All Canon had to do was take the G12 and make it with a interchangeable lens. They would’ve made a killing and shook up the mirrorless market.

    Then they should’ve made the G15 even smaller Witt the same features it has now.

  • commenter

    Excellent post – I could not agree more! Maybe at one time they could afford to cripple their products, only releasing small incremental upgrades when they would release the next new model but the competition is too strong now. They need to innovate. The EOS-M and 6D just don’t cut it in today’s market… Come on Canon- stop with the games! Get moving now!

  • jimbomb

    I was half hoping the EOS6D might retire my 7D; no luck,6D’s lack of a built-in flash and inferior AF (11 AF points & only a single central cross-type) tells me that Canon is up to its old tricks of offering the minimal sets of features but charging the maximium that it thinks the market will tolerate. This mentality must go in order for it to grow again! INNOVATE it must, as you rightly pointed out, if it wants to recapture it’s old market share! The EOS M is in the right direction, but an insufficient one. They must study the feature set of Sony NEX 7, Olympus OM-D & Panasonic G3 and go beyond those, in order to do that. Hopefully, the company that I once respected will make a come back!

  • peevee

    “EOS 5D Mark III has an astonishing low-light/high ISO performance the D800 will never approach.”

    What are you smoking? DxOMark ISO for 5D3 is 2293, for D600 is 2980. Claiming you have ISO 51,200 and 102,400 is not the same as providing usable images at those settings. The same noisy look can be obtained on the Nikons by simply pulling 12,800 or 25,600 up in post. 500 nm process is simply no match for 180 nm.

  • I haven’t posted here before, but I’ve been following the site for a while as I like to know what’s coming down the line.

    I have been all EOS all the time, until Canon dropped the EOS 1Ds range. it’s the camera I’ve made my living with for almost the last decade, but when they dumped it, I traded over, and now own a Nikon D800 & a D800E with a few lenses, and am very, very happy with them.

    Canon’s slow decent into mediocrity has been strange to watch, for twenty years they’ve held the undisputed crown high as the best maker of FF/35mm pro level gear and I have voted with my dollars and my ownership, but now they’ve lost me, and the chance of getting me back is slender when Sony and Nikon are pushing both the imaging quality and camera handling envelope so much harder and faster.

    I also don’t think the EOS M will hold a candle to Sony’s RX1 – a camera I’m really excited to get my hands on.

    Competition is good and complacency is bad. I hope for their sake Canon can turn this around, but with cell phone wiping out the P&S market, they better get really serious about the top end of the market really fast.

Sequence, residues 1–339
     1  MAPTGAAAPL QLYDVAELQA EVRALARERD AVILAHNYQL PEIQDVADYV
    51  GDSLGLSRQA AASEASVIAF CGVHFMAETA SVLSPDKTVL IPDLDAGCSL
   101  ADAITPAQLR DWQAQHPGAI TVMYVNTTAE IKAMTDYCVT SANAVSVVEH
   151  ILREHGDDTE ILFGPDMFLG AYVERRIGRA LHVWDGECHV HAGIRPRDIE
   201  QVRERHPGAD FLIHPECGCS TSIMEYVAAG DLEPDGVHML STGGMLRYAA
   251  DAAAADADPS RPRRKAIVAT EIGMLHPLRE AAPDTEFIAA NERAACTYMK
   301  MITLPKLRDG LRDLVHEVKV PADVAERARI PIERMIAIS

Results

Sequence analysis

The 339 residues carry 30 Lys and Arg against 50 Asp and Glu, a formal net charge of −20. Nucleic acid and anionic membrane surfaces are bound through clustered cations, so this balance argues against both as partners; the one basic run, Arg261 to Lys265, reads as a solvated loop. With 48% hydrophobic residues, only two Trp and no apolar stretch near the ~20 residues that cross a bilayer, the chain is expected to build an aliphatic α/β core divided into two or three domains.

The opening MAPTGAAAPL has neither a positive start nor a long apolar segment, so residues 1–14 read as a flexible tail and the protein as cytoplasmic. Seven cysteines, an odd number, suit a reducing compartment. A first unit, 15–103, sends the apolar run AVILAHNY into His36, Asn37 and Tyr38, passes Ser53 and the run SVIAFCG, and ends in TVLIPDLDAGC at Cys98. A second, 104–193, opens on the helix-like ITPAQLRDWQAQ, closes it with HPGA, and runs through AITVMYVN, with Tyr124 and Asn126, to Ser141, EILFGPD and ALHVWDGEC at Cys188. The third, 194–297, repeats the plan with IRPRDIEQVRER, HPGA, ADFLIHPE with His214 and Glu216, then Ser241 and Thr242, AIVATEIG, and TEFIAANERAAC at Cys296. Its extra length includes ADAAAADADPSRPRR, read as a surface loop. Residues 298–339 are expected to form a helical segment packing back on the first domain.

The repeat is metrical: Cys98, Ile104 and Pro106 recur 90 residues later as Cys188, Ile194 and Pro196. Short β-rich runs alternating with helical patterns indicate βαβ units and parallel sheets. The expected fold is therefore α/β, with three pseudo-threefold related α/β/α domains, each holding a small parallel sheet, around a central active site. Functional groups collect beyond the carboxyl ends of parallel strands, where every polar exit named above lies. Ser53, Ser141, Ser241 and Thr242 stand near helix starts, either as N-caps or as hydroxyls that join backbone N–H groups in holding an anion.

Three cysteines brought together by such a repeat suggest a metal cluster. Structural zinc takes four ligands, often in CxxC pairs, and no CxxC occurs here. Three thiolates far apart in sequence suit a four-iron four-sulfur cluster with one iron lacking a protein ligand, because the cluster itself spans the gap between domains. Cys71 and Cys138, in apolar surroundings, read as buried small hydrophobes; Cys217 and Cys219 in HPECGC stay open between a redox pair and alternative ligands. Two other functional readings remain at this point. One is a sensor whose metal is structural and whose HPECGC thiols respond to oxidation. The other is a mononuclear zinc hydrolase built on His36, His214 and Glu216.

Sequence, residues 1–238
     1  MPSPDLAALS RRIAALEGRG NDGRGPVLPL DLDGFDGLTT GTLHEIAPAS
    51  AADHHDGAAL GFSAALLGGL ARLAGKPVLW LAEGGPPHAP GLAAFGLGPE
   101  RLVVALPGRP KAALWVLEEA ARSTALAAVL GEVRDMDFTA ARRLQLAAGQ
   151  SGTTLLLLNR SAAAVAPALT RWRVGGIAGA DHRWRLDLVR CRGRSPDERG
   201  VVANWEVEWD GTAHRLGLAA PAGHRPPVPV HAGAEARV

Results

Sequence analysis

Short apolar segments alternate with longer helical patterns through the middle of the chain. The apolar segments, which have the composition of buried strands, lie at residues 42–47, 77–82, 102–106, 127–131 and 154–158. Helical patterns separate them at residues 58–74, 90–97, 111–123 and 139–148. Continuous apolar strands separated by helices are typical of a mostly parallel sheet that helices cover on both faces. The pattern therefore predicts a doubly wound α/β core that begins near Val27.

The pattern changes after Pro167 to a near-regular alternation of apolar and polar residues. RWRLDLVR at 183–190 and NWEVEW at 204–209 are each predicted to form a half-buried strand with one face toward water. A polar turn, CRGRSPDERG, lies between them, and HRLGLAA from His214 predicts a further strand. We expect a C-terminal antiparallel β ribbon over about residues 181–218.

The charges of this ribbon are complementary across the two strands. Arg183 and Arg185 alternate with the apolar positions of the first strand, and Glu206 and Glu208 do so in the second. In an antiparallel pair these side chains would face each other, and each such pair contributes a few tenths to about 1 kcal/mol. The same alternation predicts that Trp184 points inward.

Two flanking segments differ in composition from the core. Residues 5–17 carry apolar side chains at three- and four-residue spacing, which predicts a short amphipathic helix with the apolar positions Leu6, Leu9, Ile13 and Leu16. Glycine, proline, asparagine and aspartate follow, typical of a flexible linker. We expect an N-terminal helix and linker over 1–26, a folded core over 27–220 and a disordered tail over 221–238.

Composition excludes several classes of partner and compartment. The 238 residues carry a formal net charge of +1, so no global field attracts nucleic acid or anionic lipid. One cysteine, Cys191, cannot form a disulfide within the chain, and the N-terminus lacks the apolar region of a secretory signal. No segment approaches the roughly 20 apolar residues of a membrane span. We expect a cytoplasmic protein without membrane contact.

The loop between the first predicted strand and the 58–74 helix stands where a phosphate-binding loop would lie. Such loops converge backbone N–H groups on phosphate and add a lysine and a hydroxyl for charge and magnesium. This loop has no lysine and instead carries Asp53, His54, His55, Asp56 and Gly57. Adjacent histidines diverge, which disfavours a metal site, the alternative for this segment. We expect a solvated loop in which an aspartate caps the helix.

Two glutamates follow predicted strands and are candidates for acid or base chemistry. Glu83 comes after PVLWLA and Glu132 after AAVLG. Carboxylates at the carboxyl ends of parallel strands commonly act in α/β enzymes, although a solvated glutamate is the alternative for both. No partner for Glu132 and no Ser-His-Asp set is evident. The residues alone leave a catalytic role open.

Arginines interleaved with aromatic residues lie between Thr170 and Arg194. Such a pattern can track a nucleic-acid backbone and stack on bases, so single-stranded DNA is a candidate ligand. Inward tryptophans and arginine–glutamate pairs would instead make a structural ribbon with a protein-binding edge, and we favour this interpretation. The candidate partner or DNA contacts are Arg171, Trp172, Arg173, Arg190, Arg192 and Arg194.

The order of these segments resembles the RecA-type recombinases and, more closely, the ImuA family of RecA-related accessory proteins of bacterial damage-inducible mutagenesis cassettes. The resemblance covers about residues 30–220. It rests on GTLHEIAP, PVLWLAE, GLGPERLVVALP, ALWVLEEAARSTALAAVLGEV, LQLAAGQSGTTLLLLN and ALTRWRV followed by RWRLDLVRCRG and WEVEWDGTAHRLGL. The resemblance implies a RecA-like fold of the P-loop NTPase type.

• Unfortunately, this post rings a bell for me. I’ve ditched 2 lines of products from Canon in the last 6 months.

    I was a 7D user, and wanted to go full frame. Since my EF-S lenses would not work for a Canon full frame, i had to sell everything and start fresh, which also meant considering other manufacturers products. As I started checking the options, things were clear: The nikon D600 is a great product at a great price point, unlike the 6D, which, in comparison, is a mediocre offer with a couple of gizmos to compensate (i.e. very basic AF system, but wifi and gps…i’d rather have a decent AF). Canon’s lens lineup of full frame primes is mostly comprised of lenses from the late 80’s, early 90’s, and the new offerings (which are coming at a rather slow pace) as pretty expensive, and seem to be geared towards video shooters. Nikon’s has up to date designs for 50mm, 28mm, 85mm, all at good prices.

    Then, I’m also a mirrorless user. I was eagerly waiting for Canon’s entry in the mirrorless world before I settled for a system (right now i have a few m43 products, but nothing crazy). They got a couple of things right, like launching the product line with a fast 35mm equivalent pancake. They came up with a sensible no nonsense design. They sport an APS-C sensor. But. The AF is slow. There’s no EVF (not even as an option). There’s no lens lineup. So, its like…why should I invest in THAT system, when there are great offerings from other brands? As it is now, I’m going FUJI. Their products have top notch IQ. The prices are reasonable (X-E1). The ergonomics are awesome (you know, cameras that actually work like cameras and not smartphones). You get the idea.

    So, in 6 months, I’ve gone from a Canon user to…a Nikon and Fuji user. I don’t think I’m coming back to Canon in the foreseeable future. What a pity.

  • Richard

    I was a Canon user. When I had Canon, i have to do photoshop for each photo to avoid Canon’s very soft JPG performance. I then switched to Pentax K7 and Olympus E1 EP1 family of DSLR’s. I like Olympus jpg engine much better.

    Canon is feature oriented, technology oriented, rather than treat the final result as an “Art form”.

    Canon forced users to spend many hours in front of computer screen, the other makers, namely Olympus Fuji and Leica have offered alternatives for freedom.

  • Dave

    Spot on – Canon need to kick whoever’s in charge of innovation up the backside.